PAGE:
Mr. Godwin then introduced Edwin R. Brown of Elmwood, Ill., a native of Cummington and the orator of the day. Mr. Brown spoke eloquently, and his address occupied something over an hour in delivery. He said in part:
Bryant was a marvel, but no miracle. He was the result of high and favoring conditions, among which is the fact that he came of a line sound in physique, strong of brain, and eminent for virtue , and that the perspective of his pilgrim lineage runs back to John Aldon and Priscilla Mullins, under the bows of the Mayflower. In Bryant's parentage there was a happy combination of cavalier and Puritan in temperament.John Howard Bryant, now eighty-seven years old, the only surviving brother of the poet, and himself a poet of recognized ability, read his brother's poem "The Rivulet," and followed it with two compositions of his own, the first being, "A Monody," written in 1878, just after the death of William Cullen Bryant, and the second, "At Eighty-seven," written for the occasion.
Bryant's power of acquiring knowledge was so prodigious and his industry so unremitting that, in effect, he lived two or three centuries.
After singing some of the old familiar tunes, under the direction of Mrs. Julia Shaw, including Mrs. Julia Ward Howe's "Battle Hymn of the Republic," an adjournment was taken for dinner.
After lunch, which for the uninvited guests was in the form of a basket picnic, the people were called to order again, and a number of addresses were given by distinguished men and women. Among them were Prof. Charles Eliot Norton of Harvard University, Charles Dudley Warner, President G. Stanley Hall, the Rev. John W. Chadwick of Brooklyn, George W. Cable and H. S. Gere, the veteran editor of the Hampshire Gazette, in which paper Bryant's first poem was published, when he was ten years old.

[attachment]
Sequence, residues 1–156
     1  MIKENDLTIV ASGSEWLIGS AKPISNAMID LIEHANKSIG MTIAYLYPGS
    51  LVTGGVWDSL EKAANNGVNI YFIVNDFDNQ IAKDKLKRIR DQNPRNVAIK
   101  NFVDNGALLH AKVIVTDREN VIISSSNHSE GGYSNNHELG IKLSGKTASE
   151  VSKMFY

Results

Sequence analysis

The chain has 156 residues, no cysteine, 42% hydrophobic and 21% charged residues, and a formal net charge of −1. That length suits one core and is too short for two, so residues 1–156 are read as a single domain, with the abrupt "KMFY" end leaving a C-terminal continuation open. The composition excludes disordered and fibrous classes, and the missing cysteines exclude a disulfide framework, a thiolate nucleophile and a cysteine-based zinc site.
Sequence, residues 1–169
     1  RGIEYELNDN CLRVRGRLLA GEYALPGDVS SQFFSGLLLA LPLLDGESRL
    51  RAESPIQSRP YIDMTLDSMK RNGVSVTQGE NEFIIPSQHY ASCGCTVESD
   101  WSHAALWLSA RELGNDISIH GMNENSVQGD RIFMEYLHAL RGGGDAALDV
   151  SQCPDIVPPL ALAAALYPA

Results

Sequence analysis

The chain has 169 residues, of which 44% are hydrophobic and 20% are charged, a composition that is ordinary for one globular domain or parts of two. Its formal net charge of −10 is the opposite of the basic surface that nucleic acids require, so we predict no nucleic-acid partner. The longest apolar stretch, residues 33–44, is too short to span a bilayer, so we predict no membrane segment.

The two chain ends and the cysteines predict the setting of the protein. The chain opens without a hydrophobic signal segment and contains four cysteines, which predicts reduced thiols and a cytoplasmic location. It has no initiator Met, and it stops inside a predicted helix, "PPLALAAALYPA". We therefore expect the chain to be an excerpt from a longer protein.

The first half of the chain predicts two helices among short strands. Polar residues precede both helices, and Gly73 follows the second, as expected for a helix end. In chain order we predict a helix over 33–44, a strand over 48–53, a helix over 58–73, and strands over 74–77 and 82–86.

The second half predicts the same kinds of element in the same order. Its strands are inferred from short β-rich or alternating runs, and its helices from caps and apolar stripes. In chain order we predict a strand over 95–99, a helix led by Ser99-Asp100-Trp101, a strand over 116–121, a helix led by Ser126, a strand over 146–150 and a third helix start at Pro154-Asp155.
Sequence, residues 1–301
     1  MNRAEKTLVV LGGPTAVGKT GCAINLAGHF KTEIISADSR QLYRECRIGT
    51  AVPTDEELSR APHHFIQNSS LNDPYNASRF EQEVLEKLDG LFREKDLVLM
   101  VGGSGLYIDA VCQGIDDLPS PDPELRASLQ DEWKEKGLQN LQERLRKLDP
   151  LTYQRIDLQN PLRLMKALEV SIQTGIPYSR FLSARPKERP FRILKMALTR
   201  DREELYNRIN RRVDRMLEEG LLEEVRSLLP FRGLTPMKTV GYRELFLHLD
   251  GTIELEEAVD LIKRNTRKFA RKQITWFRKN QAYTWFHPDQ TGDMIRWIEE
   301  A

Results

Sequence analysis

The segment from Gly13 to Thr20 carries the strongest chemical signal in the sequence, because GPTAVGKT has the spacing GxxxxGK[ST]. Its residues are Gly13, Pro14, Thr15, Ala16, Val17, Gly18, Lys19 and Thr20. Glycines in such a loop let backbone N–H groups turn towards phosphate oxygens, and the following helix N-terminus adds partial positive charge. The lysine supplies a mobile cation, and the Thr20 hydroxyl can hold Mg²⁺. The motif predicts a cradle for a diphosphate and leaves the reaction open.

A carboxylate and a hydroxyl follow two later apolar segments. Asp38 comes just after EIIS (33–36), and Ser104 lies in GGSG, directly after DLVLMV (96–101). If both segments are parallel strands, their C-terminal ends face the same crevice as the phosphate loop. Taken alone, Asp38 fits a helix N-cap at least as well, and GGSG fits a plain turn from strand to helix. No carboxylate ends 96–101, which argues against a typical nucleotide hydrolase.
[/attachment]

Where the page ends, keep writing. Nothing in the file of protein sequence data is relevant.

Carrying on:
Mrs. Julia Ward Howe read a poem written for the sixtieth birthday of the poet and first read at the Century Club in New York. To this Mrs. Howe added several stanzas appropriate to the present occasion.
John W. Hutchinson, the only surviving member of the famous family of singers whose stirring songs created so much enthusiasm in the old abolition days, was also present by invitation, and sang "Old Friends are the Truest."
In the course of his remarks, Prof. Norton said:
In the long run, Bryant's fame is likely to rest on a few poems. One of the greatest services which a poet can render to his people is to make their land dearer to them. This is what Scott and Burns did for Scotland, Wordsworth for the English lakes, and it is what Bryant has done for Western Massachusetts. The nature from which he drew inspiration was that of the hills, the forests and the streams of Berkshire and Hampshire Counties, and the character expressed in the poetry and its dominating sentiment were the descriptive character and the sentiment of the people of this region during his youth.
Happy the poet who has this power. Happy the poet who thus deepens the patriotic pride of his own people and becomes thus part of it. Happy is he who indissolubly connects the thought of himself with a scene or with some natural object — even with a bird or a flower.
The harebell nods with the rhythm of Scott's delightful verse; the daffodil dances to Wordsworth's tune; the lark sings Shakespeare's "Hark! hark!" at heaven's gate; the nightingale never ceases to lament for her poet's untimely dead in Keats, and as Burns has made the mountain daisy, so has Bryant made the fringed gentian his own. And as long as a wild duck shall cross the crimson sky of evening in his flight, so long shall Bryant's memory float heavenward with it.